Throughout April and May of 2020, when the first wave of the pandemic hit most of the world and many countries went into lockdown, the ISU moved quickly and formed two working groups to assess the situation and to find ways to organize events under the extreme circumstances. The concepts developed were based on the rules that were in place globally: Social distancing, masks, hygienic measures, continuous testing and the creation of the bubble concept, which precluded anyone from moving outside the restricted areas with no direct contact or physical interaction with anyone outside the bubble permitted.

“The health regulations at the 2021 World Championships were prepared in close cooperation with the ISU Medical Commission, the organizing committee, a medical team and the Swedish health authorities,” Dijkema explained. “Strict and comprehensive protocols and measures of social distancing, hand washing, masks and daily health and temperature checks were implemented, along with a rigorous testing regime. Everyone within the competition bubble had multiple PCR tests.”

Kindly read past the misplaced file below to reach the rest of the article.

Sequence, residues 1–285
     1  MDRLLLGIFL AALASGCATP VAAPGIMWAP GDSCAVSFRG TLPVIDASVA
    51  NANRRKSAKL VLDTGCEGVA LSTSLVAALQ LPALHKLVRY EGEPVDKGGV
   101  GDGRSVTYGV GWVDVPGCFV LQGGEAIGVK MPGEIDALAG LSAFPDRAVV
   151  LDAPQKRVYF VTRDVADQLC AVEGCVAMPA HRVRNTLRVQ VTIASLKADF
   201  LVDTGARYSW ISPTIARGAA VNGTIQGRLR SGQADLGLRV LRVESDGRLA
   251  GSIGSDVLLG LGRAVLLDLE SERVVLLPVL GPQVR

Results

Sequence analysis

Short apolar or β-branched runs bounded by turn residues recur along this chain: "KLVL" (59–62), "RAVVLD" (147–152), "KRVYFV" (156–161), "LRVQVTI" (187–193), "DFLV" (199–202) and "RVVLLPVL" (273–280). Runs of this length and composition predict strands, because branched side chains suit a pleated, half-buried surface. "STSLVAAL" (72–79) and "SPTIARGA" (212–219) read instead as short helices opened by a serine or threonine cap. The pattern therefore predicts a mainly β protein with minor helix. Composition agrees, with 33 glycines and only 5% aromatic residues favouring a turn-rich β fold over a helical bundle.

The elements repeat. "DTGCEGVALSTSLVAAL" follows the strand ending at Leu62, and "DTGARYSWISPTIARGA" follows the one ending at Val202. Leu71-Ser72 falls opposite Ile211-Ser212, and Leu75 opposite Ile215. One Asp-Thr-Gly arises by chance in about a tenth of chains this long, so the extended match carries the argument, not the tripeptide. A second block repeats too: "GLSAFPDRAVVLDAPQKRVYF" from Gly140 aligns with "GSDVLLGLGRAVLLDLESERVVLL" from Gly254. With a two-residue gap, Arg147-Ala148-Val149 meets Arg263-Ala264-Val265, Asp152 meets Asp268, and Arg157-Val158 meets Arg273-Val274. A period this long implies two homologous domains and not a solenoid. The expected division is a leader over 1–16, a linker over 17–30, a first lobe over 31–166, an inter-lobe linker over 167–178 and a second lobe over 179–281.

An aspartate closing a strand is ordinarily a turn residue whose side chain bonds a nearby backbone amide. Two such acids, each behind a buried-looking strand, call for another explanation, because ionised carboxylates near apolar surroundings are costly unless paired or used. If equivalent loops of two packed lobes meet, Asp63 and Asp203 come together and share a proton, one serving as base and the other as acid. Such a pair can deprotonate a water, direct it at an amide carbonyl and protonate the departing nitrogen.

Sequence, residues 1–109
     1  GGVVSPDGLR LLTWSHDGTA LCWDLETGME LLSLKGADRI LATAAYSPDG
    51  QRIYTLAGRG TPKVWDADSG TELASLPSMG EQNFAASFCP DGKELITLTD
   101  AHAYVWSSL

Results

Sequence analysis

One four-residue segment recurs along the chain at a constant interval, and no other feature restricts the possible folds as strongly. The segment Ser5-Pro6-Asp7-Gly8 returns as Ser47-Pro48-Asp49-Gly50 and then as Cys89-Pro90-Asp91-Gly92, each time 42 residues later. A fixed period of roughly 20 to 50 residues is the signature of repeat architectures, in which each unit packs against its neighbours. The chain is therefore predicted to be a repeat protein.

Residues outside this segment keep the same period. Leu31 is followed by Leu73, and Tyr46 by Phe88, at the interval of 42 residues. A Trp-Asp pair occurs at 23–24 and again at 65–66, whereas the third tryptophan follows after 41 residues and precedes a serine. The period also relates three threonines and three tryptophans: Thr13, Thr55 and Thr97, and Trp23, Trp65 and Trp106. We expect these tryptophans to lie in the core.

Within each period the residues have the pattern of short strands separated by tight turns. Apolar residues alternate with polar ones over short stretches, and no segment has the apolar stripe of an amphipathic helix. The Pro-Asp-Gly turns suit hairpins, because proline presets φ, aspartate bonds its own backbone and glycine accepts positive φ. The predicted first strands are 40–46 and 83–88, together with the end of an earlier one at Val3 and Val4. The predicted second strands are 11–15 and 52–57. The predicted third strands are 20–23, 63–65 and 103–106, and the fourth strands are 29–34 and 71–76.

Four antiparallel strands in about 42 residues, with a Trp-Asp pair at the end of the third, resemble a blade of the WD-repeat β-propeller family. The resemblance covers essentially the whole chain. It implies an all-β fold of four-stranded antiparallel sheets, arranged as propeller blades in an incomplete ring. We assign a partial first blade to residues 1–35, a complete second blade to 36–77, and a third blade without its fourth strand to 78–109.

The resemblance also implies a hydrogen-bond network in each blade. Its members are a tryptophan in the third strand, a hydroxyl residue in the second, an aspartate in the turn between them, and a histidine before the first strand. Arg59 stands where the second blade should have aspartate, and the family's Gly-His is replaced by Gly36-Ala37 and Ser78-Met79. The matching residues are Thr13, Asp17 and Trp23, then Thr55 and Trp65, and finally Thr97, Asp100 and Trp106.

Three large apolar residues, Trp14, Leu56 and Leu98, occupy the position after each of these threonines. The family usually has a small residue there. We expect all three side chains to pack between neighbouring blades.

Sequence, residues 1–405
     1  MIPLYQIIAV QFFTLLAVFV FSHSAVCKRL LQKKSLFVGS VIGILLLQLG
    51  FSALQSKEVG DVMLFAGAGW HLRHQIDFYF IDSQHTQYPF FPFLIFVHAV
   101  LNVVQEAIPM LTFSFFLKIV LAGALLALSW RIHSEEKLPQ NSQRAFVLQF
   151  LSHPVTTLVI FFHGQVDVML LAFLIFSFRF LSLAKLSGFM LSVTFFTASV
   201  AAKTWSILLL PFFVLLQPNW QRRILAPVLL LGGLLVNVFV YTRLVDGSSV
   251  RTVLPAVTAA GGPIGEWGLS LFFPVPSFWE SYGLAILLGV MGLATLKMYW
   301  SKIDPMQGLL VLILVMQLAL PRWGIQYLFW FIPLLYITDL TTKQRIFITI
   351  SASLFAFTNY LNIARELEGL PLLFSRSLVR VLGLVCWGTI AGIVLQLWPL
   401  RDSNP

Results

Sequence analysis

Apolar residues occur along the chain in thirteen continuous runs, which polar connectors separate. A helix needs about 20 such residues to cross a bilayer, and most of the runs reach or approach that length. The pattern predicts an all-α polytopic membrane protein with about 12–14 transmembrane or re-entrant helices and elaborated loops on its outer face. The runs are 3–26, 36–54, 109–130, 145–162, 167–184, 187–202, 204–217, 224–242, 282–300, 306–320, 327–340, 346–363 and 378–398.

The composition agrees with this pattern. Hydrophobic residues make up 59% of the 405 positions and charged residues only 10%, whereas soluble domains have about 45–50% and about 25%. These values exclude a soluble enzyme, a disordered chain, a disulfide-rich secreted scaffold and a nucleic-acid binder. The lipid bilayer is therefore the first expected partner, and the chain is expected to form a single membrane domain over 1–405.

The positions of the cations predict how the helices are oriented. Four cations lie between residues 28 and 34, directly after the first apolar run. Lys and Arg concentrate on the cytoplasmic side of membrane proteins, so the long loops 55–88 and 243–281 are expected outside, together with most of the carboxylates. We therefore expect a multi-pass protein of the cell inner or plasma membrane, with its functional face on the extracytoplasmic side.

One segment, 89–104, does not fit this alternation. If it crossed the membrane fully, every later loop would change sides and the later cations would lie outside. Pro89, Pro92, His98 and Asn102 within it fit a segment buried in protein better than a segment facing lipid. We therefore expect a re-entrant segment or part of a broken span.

Indeed, for Worlds and the World Team Trophy, all participants needed to produce a negative PCR test before departing for Sweden or Japan, and those tests could not be more than 48 hours old. All participants were tested again upon arrival and isolated in hotel rooms until they received their test results.

Basically, everyone was tested every second day in Stockholm, where more than 3000 PCR or antigen tests were performed. All participants had to submit a health check form every morning, and a temperature check was conducted at the entrance to the arena.

“It took a huge amount of preparation and planning,” said Dijkema. “Everyone involved with the event was fully dedicated to creating the best and safest possible environment. As the situation changed and new government and travel restrictions were announced, it was imperative to remain flexible and to adapt to the changing rules. This was a big challenge but one the organizing committee and the ISU were not afraid of.”